Sunday, July 26, 2009

The Quant Recalls How She Learned To Save

I did a series of posts a while back (at WhirledView) styling myself as “the quant.” Like many of the Wall Street quants, I am a physical scientist turning my talents to economics. Unlike them, I do not have the power to destroy enormous amounts of wealth.

We need to save more. We have a burgeoning national debt that may not be a good thing in the hands of foreigners. It is likely to increase in the future. We also had a very large national debt as a result of fighting World War II.

I didn’t know about the national debt when I was in grade school. What I knew was that for some small sum (either a dime or a quarter), I could buy stamps to paste in a book. They were nice engraved government stamps, like the postage stamps I collected. When the book was full, I would get a $25 savings bond. The full book represented $18.75 in stamps, and it seemed like a really good thing to me that if I waited a few years, I would get $25 for that.

I didn’t know that the government was paying down all that money it had borrowed to fight World War II. The bonds were referred to as “war bonds,” but I didn’t fully realize the connection until fairly recently. It took most of my childhood for the country to pay down the excess war debt, so when my husband and I bought our first house and cashed in the bonds we had accumulated on our own or as birthday and Christmas presents from relatives, they must have represented some of the last of that excess debt, as you can see in the graph. The US budget has grown so much that the percent of GDP makes the graph more understandable than dollars or adjusted dollars would be.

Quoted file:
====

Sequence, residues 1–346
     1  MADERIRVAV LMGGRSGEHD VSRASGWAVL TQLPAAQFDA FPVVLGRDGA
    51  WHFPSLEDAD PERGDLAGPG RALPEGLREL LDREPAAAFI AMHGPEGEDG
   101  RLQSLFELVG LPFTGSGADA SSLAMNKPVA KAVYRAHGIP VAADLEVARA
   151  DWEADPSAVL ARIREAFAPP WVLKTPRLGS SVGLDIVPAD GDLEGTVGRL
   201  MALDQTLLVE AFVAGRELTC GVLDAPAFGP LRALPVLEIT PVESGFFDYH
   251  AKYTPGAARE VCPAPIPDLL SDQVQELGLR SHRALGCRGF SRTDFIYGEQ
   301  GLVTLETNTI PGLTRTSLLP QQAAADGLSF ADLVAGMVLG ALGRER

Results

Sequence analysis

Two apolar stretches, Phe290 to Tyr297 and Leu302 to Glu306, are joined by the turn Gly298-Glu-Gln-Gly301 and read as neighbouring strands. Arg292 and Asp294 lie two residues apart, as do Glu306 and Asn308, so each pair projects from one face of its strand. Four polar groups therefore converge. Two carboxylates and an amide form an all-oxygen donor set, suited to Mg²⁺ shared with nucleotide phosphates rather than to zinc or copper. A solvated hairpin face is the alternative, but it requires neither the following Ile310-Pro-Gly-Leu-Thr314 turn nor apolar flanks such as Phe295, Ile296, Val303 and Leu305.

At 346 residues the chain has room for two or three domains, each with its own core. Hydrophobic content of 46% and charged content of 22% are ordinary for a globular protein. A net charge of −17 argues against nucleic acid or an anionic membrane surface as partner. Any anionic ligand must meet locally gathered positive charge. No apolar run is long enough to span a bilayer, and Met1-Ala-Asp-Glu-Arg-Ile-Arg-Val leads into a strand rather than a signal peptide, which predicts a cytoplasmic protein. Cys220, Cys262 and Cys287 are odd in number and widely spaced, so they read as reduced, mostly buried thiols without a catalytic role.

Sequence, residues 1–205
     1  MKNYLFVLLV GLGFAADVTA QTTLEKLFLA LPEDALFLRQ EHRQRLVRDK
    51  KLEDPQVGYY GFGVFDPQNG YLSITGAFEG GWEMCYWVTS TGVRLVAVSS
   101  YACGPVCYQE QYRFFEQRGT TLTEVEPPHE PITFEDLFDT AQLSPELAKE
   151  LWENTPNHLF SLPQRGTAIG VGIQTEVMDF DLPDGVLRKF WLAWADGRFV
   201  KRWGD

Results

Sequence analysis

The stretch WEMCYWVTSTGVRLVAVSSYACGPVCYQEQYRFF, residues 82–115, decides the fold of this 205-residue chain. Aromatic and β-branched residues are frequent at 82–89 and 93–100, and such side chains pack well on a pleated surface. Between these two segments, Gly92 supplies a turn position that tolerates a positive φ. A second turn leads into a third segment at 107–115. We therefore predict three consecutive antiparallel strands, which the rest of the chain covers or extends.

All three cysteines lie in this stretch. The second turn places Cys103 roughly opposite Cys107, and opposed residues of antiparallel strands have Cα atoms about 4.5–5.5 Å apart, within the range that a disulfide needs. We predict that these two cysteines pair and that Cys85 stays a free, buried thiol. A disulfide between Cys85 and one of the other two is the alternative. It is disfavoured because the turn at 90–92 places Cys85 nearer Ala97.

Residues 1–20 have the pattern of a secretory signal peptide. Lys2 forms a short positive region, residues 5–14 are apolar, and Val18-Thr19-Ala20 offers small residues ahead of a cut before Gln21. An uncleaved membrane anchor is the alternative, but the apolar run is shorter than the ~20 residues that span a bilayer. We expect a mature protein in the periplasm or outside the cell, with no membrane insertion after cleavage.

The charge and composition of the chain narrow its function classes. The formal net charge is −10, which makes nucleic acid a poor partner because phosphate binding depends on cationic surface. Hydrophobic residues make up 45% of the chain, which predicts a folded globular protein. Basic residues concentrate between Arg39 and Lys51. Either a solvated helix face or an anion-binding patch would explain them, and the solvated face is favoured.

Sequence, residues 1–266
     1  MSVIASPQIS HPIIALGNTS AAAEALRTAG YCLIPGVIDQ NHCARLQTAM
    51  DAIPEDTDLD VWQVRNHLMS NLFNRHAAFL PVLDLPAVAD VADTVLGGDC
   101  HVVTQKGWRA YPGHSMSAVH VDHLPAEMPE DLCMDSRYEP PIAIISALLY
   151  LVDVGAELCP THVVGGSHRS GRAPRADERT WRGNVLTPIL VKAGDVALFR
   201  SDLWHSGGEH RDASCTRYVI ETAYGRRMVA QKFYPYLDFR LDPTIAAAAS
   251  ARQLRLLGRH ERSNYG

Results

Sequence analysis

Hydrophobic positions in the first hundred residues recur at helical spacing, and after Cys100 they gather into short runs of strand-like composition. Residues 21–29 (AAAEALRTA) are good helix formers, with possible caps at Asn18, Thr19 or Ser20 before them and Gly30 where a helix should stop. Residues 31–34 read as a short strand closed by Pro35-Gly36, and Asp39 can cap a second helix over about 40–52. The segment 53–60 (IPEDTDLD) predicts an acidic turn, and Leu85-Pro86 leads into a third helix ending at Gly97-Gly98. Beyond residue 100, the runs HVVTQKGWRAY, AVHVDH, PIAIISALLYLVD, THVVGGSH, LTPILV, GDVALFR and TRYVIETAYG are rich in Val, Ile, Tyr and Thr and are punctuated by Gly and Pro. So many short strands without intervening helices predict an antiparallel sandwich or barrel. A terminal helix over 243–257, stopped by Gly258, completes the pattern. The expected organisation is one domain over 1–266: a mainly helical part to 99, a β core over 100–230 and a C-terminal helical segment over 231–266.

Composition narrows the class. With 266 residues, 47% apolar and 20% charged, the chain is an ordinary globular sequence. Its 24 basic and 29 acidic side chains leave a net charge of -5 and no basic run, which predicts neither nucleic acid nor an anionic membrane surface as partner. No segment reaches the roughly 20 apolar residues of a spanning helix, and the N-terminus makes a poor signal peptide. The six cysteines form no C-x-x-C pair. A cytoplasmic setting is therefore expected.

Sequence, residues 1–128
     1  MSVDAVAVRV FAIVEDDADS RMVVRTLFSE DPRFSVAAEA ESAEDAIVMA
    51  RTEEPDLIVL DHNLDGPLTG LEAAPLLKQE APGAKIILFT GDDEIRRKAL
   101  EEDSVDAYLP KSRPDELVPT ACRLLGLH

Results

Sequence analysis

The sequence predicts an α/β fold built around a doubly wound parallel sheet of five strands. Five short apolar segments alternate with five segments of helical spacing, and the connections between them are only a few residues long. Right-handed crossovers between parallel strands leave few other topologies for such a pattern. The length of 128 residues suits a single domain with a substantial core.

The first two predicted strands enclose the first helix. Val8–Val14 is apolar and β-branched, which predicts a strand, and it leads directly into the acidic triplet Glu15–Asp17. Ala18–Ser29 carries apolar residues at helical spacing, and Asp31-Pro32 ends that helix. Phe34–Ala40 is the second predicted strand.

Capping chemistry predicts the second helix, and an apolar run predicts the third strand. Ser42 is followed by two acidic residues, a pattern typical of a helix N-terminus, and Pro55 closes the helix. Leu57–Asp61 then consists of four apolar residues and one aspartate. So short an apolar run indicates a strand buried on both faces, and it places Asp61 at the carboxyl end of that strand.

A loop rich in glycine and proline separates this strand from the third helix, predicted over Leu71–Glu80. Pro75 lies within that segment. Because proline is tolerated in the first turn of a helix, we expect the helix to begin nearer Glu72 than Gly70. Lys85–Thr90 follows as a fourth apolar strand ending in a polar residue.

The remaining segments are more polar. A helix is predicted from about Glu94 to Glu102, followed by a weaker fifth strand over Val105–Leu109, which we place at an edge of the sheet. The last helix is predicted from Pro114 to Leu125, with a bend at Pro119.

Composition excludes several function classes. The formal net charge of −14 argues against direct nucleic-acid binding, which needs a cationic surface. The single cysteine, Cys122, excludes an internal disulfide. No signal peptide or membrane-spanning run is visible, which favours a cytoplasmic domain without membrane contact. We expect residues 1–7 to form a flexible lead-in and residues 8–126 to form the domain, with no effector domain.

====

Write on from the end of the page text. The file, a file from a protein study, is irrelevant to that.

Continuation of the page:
So why not start similar campaigns for savings bonds now? I know, we’re all much more sophisticated, and probably kids today are too. But they still like stickers, and stickers with a monetary purpose might be appealing. It would remind all of us that it is our national debt, and that we might just do something about it; minimally buy some bonds, but also keep our elected representatives on their toes about dealing with the debt. And the kids would develop an intuitive or better understanding of compound interest and what saving can do for them.

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